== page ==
Bright and early Monday morning, President Donald Trump took to Twitter to express his frustration with polling numbers on his policies. He specifically compared "any negative polling" to the CNN, ABC and NBC election polls and labeled them all "fake news."
This tactic seems to be Trump's modus operandi for dealing with anything that casts him in a negative light ― publicly call it "fake" and claim he knows better. He's trying to manipulate the public into not believing the polling numbers that we know he's rabidly consuming.
Unfortunately for Trump, that's not how polling works. Polls, when done right, represent the views of millions of Americans ― with some room for error, of course, since they're based on samples of a few hundred or a thousand people. The specific polls Trump called out are very high quality and were actually very close to the national election outcome.
The ABC News poll, conducted in partnership with the Washington Post, showed Democratic candidate Hillary Clinton up by 4 points in their final national poll, 47 percent to 43 percent. Clinton won the national popular vote, by a little more than 2 percentage points, 48 percent to 45.9 percent. The poll underestimated Clinton's vote by 1 point and Trump's vote by 2.9 points. That's a pretty good performance, well within the poll's margin of error.
The last NBC News/Wall Street Journal poll also had Clinton winning by 4 points. That poll showed higher third party and undecided vote proportions and had Clinton with only 44 percent and Trump at 40 percent. But the 4-point margin was within a reasonable range of the result. CNN's final election poll was conducted nearly 2 weeks prior to the election on Oct. 20-23, and had Clinton up by 5 points, a bit farther from the actual result, but not outrageous for 2 weeks prior to the election.
Trump's problem with these polls isn't that they weren't true representations of Americans' opinions. It's that they didn't show him winning the popular vote ― which he didn't win, another fact he has sought to discredit by claiming 3-5 million people illegally voted. Now he's doing the same thing with polling about his policies.
Technically he's correct that "people want border security and extreme vetting." Some people do. Trump's immigration policies are popular with a segment of Americans, but how many support the policy depends on how pollsters ask about the policy. Only one poll shows a majority of Americans approving of Trump's travel ban policy, but in several polls a majority disapproves.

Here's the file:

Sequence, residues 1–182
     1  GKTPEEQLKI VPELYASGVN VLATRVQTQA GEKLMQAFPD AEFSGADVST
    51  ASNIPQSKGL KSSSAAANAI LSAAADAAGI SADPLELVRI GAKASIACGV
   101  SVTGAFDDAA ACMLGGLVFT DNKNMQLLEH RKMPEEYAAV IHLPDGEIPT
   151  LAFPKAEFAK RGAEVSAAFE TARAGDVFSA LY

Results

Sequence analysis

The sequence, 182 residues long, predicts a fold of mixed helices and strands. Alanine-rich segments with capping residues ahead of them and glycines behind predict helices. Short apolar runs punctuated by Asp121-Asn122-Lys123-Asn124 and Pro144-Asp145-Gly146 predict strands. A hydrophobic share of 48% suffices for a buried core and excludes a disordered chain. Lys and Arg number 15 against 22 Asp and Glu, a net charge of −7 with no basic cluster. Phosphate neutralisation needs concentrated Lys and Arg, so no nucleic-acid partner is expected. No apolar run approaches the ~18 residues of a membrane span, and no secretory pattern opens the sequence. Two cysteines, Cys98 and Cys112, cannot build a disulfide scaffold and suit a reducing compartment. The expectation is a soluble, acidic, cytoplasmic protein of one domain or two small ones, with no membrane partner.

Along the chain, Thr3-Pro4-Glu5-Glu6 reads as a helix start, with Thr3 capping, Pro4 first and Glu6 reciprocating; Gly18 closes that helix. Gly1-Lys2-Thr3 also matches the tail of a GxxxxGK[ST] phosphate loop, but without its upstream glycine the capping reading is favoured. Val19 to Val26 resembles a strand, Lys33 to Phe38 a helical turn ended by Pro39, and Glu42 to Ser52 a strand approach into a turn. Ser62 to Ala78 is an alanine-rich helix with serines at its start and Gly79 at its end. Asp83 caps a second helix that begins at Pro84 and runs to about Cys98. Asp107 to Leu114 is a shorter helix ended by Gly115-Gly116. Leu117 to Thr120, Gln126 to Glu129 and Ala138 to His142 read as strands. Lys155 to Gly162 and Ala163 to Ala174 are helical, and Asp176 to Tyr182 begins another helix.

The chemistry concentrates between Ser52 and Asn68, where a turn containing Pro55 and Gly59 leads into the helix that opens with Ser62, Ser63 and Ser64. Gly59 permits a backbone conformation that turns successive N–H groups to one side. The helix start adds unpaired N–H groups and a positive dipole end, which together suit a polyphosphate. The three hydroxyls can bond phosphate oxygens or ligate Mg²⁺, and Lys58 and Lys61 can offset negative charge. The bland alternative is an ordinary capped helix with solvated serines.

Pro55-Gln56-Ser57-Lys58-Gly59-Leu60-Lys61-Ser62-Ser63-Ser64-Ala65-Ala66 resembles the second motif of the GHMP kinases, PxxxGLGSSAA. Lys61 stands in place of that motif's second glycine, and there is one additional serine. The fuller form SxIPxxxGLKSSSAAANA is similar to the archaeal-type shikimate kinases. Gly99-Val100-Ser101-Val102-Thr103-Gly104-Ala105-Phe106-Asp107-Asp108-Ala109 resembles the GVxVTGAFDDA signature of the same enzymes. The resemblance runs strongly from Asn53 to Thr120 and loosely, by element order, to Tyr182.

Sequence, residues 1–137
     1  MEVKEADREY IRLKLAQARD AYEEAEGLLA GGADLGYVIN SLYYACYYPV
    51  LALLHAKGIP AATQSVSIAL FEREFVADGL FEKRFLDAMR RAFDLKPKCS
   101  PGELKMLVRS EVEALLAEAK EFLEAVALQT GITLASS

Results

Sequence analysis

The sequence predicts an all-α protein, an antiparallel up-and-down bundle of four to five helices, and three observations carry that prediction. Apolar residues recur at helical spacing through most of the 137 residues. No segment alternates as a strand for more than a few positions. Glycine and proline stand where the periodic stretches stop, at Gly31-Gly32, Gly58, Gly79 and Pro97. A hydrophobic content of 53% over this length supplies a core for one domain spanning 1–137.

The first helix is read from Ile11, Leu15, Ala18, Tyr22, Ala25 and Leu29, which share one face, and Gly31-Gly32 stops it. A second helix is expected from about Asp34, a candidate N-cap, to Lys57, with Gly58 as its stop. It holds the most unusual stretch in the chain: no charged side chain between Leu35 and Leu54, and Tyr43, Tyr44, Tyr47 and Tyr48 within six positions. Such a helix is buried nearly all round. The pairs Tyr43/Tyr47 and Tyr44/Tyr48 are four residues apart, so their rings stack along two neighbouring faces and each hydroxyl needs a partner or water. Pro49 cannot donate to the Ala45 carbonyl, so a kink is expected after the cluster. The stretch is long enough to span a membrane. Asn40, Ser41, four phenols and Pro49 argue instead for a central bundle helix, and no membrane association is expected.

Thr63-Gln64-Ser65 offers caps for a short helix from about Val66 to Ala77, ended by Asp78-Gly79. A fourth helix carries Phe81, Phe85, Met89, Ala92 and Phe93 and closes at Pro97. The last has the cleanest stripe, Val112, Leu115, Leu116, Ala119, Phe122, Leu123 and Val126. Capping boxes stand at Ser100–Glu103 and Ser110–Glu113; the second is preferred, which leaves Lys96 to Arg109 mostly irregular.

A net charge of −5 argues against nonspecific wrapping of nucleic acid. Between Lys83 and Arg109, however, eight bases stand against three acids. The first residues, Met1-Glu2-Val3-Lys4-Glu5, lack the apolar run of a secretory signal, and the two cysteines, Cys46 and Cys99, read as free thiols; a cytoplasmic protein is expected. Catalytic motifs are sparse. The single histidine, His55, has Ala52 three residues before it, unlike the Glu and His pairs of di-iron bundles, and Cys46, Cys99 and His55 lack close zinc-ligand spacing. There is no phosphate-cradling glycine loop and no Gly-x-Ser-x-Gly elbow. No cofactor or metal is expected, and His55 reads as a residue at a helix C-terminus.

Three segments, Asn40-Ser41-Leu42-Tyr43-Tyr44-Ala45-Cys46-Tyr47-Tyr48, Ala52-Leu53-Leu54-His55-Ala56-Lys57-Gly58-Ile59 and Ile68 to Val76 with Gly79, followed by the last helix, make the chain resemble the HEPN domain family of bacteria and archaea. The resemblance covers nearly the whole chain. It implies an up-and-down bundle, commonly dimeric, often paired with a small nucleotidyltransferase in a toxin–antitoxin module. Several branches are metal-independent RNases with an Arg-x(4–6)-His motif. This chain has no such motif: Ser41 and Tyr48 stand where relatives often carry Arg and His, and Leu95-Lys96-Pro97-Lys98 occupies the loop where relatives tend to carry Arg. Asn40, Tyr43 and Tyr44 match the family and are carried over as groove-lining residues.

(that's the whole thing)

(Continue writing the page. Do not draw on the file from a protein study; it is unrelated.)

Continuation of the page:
However, Trump isn't just trying to claim majority support. He clearly seeks to discredit all negative opinions with comments like "any negative polls are fake news." This is unusual and alarming behavior from a president.
Plenty of presidents probably haven't liked their polling numbers before. President Barack Obama probably wasn't thrilled that his health care law has been mostly viewed unfavorably since 2010. President George W. Bush couldn't have been satisfied with his job approval ratings, which steadily declined throughout his second term.
But neither Obama nor Bush tried to discredit American opinion. Trump seems to think he can ignore anything that isn't favorable to him, and that we should just believe his decisions are best for the country based on his own "accumulation of data."
We shouldn't believe that from Trump or from anyone else. As I wrote last week, if the data aren't cited and you can't see the source, that's the first indication that you shouldn't believe it's real. The same standard applies to the president.
Trump is smart: He's attacking institutions that have public trust issues, and he gets a double whammy by hitting media polling. But even if you dislike polls, the claim that "any negative" information is fake is a dangerous one. If he uses it for polls, he's likely to use it for other facts as well. That's a very authoritarian tactic.
Don't let Trump get away with labeling anything he doesn't like "fake." Keep making your voice heard in polls and in every way possible.Suggest a correction